Writer Banville enjoys new lease on life as Black
By Mark Egan
NEW YORK (Reuters) - Irish author John Banville has been lauded as one of the greatest literary stylists of his generation but his recent kick as a crime writer, churning out a murder mystery every year, has him giddy with excitement.
"I am in my 60s with a new lease on life. It's fun," Banville said in an interview to promote "A Death in Summer," written under Banville's pen name Benjamin Black and published in the United States on Tuesday.
The book finds dour, bumbling pathologist Garret Quirke trying to get to the bottom of the apparent suicide of a Dublin newspaper owner. Banville tells readers, only partly in jest, to expect an "absolute masterpiece of crime fiction."
The story unfolds in 1950s Dublin, the time of Banville's childhood when he thought the Irish capital was an exotic place -- a setting he says he is still transported to in his mind every time he smells the whiff of diesel from a passing bus.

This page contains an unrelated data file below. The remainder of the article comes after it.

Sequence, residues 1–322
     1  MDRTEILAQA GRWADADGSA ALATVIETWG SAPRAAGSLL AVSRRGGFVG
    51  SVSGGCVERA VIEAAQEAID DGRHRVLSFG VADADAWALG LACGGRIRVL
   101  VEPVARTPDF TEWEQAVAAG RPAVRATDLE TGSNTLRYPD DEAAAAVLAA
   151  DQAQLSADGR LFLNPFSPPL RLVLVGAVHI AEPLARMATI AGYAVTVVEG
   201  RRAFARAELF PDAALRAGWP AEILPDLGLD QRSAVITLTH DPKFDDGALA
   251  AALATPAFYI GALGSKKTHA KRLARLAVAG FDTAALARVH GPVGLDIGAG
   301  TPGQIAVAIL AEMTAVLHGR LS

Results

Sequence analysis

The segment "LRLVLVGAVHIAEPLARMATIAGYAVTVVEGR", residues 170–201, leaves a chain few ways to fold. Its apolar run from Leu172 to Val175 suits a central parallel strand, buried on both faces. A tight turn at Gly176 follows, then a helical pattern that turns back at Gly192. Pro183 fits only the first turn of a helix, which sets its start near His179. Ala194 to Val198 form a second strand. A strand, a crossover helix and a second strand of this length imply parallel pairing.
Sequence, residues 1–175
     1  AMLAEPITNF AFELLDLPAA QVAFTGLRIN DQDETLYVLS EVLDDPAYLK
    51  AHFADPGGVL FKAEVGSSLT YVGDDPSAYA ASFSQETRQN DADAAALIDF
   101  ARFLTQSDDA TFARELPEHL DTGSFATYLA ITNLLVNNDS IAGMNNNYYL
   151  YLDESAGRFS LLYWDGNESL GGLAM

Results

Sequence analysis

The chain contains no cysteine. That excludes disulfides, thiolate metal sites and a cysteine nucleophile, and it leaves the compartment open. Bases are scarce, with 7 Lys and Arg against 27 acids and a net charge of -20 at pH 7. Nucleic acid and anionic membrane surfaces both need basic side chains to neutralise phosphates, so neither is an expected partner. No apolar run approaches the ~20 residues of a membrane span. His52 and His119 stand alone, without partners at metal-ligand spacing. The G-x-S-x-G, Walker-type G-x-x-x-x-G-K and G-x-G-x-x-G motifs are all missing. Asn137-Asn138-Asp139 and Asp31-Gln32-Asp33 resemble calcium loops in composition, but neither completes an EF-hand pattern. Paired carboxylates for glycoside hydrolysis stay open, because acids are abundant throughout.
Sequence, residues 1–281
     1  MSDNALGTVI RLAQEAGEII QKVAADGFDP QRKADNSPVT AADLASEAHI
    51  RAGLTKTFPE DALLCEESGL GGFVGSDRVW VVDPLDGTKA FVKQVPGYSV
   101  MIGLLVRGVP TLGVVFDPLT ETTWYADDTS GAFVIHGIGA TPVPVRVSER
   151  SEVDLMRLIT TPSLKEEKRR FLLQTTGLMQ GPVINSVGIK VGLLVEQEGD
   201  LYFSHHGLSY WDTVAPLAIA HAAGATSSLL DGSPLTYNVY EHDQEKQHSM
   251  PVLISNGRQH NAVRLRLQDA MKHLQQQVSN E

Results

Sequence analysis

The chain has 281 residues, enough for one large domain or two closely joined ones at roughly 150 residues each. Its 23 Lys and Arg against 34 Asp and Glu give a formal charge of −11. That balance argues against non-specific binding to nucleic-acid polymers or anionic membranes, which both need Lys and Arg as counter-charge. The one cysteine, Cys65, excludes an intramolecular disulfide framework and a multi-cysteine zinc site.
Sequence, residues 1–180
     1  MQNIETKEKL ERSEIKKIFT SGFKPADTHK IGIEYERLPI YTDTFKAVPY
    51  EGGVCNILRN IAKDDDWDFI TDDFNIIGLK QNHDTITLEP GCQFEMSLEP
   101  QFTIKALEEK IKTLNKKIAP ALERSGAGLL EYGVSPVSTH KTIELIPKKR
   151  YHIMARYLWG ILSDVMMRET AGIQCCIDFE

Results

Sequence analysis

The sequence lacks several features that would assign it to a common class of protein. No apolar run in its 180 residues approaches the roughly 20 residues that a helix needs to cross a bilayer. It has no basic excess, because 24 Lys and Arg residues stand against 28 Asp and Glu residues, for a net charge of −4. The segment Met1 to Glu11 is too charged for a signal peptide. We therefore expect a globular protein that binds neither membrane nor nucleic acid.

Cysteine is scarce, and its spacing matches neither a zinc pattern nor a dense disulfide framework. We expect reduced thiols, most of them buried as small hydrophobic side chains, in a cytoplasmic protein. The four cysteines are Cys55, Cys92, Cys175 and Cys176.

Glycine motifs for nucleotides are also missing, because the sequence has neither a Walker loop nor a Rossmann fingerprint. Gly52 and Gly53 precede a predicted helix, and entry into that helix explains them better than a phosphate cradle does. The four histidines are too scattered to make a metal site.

In his latest page-turner -- the fifth book written under the Black name in as many years -- Quirke's assistant David Sinclair has an affair with his daughter Phoebe.
"There is a childish pleasure in it. It's like playing with toy soldiers," he said. "When I wake at four in the morning, instead of thinking about death, or sex, or my bank balance, I think, 'What will I do with Phoebe or Sinclair?'
"I am making up stories," Banville said. "This is the great pleasure of writing .... It's the making of yarns, which I was never interested in before."
Banville makes it sound like childish fun, but critics are smitten. Janet Maslin wrote in The New York Times that "his Black persona has been such a success that he looks increasingly like the Superman to Mr. Banville's more literary Clark Kent." Continued...